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Hybrid Electric Vehicles Not As Green As They Are Painted, Analysts Contend


ScienceDaily
February 8, 2008


Hybrid electric vehicles that run on both
conventional gasoline and stored electricity can be no more than a stop gap
until more sustainable technology is developed, according to researchers in
France. They suggest that the adoption of HEVs might even slow development of
more sustainable fuel-cell powered electric vehicles.

Jean-Jacques Chanaron Research Director within the French National Centre for
Scientific Research (CNRS) and Chief Scientific Advisor at the Grenoble School
of Management and Julius Teske at Grenoble, question strongly whether the
current acceptance of hybrid vehicle technology particularly in the USA is in
any way environmentally sustainable.

The researchers have analyzed the spread of this technology including the
non-financial driving factors for its adoption. They point out that most
manufacturers are rapidly integrating hybrid electric vehicles into their
technology portfolio, despite the absence of significant profitability.

They add that the misinformed craze for hybrid vehicles especially in the USA,
and increasingly in Japan and Europe, and potentially in China, could represent
a red light for more innovative technologies, such as viable fuel-cell cars that
can use sustainably sourced fuels, such as hydrogen. They concur with earlier
studies that suggest that hydrogen fuel cells will not be marketable in high
volumes before at least 2025. This could, however, be too late for some models
of climate change and emissions reduction. They also point out that even fuel
cell technology has its drawbacks and much of the marketing surrounding its
potential has emerged only from the hydrogen lobby itself.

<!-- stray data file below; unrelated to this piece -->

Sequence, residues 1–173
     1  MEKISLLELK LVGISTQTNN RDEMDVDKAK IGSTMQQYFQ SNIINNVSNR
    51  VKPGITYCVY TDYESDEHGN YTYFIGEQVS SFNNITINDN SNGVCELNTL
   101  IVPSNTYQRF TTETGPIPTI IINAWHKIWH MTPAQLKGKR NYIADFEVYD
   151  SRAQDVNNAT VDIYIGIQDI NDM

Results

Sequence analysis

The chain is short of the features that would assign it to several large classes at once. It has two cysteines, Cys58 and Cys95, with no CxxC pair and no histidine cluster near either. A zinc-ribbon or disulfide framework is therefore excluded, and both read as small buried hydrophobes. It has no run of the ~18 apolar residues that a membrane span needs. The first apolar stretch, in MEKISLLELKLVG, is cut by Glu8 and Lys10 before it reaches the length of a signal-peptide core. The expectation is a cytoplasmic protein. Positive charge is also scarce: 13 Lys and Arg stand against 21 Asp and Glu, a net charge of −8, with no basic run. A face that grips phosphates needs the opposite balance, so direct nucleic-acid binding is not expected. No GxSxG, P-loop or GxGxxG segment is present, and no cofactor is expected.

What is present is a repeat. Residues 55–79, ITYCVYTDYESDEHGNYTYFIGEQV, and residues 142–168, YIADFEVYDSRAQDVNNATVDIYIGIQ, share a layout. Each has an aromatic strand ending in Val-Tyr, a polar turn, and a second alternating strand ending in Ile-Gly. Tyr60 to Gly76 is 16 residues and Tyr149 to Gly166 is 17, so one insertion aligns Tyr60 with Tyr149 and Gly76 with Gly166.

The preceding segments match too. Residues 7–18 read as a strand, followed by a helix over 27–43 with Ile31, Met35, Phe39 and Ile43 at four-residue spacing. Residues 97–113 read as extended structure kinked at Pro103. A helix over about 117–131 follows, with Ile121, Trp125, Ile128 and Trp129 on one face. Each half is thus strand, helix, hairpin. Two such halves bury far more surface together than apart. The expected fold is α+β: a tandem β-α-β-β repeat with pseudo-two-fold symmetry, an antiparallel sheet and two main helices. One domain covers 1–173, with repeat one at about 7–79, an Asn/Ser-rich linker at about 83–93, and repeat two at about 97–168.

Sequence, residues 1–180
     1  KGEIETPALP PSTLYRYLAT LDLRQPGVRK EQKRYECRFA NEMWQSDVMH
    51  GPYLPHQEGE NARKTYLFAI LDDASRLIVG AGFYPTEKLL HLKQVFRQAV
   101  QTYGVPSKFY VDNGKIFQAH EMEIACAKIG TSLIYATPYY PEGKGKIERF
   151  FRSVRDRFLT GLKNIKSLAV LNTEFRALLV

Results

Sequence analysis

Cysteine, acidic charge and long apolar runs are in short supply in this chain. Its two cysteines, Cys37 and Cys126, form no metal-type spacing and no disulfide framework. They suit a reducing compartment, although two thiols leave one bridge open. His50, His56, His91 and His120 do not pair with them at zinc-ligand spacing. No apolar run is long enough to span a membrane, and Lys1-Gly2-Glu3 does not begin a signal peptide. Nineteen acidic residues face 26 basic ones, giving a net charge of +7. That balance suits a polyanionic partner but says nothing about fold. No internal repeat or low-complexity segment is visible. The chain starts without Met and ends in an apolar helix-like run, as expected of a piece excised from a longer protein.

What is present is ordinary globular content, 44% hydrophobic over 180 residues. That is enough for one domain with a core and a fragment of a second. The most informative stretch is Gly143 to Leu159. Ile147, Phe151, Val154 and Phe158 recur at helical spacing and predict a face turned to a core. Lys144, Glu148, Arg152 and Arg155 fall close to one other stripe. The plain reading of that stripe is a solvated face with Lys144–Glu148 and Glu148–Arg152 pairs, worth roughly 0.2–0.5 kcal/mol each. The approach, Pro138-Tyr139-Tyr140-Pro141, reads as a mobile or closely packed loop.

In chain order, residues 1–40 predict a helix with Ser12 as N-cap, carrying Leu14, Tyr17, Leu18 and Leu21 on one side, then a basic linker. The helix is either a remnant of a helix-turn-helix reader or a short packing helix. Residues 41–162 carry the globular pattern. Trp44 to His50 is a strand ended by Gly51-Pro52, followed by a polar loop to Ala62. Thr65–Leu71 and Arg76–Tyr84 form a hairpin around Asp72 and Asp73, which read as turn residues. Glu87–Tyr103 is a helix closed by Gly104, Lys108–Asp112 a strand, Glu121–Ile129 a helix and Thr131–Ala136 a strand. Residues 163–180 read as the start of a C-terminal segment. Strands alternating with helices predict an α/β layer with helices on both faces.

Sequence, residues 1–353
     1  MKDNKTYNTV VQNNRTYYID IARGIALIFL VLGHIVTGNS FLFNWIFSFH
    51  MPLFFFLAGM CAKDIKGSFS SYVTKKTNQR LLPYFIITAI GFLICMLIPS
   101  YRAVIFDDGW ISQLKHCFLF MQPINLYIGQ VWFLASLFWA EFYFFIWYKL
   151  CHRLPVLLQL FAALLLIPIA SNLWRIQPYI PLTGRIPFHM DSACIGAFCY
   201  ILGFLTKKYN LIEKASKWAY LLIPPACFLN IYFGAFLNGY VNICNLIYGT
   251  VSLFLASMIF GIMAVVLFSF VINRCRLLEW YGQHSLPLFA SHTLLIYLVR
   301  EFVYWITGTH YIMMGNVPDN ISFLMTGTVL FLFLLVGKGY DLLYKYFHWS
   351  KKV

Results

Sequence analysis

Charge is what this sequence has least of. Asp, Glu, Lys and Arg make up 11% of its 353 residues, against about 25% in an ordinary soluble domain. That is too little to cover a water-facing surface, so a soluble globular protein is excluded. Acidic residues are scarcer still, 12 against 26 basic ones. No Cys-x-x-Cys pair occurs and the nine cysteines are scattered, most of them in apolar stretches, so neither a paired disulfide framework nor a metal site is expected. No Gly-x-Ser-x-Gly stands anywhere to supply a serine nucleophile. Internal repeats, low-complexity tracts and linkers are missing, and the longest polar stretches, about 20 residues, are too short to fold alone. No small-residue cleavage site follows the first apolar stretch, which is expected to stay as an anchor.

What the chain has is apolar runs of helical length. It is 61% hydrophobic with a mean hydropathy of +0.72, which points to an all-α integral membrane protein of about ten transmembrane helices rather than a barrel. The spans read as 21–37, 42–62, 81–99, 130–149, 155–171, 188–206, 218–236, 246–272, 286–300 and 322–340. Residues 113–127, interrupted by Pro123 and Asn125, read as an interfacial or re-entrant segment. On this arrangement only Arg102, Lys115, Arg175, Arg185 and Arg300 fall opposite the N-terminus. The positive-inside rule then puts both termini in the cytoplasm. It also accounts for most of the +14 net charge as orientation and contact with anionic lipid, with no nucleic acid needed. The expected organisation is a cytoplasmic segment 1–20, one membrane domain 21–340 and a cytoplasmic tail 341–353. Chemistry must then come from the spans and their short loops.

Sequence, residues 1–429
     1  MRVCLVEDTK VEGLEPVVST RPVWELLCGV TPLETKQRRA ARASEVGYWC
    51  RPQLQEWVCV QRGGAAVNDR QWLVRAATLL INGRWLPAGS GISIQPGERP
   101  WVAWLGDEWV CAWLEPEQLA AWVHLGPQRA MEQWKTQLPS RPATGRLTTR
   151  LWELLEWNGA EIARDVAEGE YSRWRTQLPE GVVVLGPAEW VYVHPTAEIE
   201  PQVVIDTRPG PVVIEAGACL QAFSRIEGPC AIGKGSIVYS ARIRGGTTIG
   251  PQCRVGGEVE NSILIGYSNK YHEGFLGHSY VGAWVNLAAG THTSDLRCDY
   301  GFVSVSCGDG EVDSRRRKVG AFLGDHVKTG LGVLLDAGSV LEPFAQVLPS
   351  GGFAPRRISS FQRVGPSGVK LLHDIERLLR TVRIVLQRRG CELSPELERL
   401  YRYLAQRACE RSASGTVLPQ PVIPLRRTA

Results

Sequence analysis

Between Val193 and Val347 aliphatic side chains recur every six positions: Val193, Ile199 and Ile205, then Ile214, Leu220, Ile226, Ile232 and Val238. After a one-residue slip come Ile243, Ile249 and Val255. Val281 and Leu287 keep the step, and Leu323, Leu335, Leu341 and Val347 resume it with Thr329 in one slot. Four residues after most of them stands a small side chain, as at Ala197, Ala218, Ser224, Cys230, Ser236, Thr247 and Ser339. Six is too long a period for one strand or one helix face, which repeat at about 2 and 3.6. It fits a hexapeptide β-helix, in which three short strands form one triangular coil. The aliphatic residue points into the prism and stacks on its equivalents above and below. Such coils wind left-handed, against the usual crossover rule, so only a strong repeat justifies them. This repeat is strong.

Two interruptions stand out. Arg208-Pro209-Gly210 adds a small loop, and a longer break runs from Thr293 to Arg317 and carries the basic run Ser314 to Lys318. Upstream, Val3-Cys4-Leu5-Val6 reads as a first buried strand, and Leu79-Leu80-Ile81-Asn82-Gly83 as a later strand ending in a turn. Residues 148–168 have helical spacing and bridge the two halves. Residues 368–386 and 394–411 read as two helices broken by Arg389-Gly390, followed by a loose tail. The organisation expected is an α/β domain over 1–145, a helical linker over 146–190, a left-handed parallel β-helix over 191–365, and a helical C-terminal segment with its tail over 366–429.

"There is a general convergence of strategies towards promoting hybrid vehicles
as the mid-term solution to very low-emission and high-mileage vehicles," the
researchers assert, "this is largely due to Toyota's strategy of learning the
technology, while building up its own 'quasi-standard', thanks to its
high-quality and reliability reputation and its high market share on the North
American market." They add that, "Such a convergence is based more on customer
perception triggered by very clever marketing and communication campaigns than
on pure rationale scientific arguments and may result in the need for any
manufacturer operating in the USA to have a hybrid electric vehicle in its model
range in order to survive."

Moreover, political pressures also play a significant part. The three major US
manufacturers - GM, Ford, and Chrysler - recently urged President Bush to
financially and politically support a national technological solution for
hybrids; this was independent of the currently dominant solutions initiated by Toyota.

The researchers concede that, "The quest for low emission, clean, and
high-mileage vehicles is on its way and should be at the top of the
manufacturers' agenda," they say. However, they suggest that the technology,
marketing, and public perception leads to one overriding problem: Is a hybrid
strategy sustainable in the long run? Chanaron and Teske think not.

"The complexity and high cost of the hybrid technology is also playing against
itself," they say, "There is a huge strategic dilemma for the key players of the
automotive industry where a mistake in technology decision-making might turn
even a big player into a take-over candidate. The next five years will provide
industry observers with more accurate trends and success or failure factors."
This research is published in the Inderscience publication International Journal
of Automotive Technology and Management.

 

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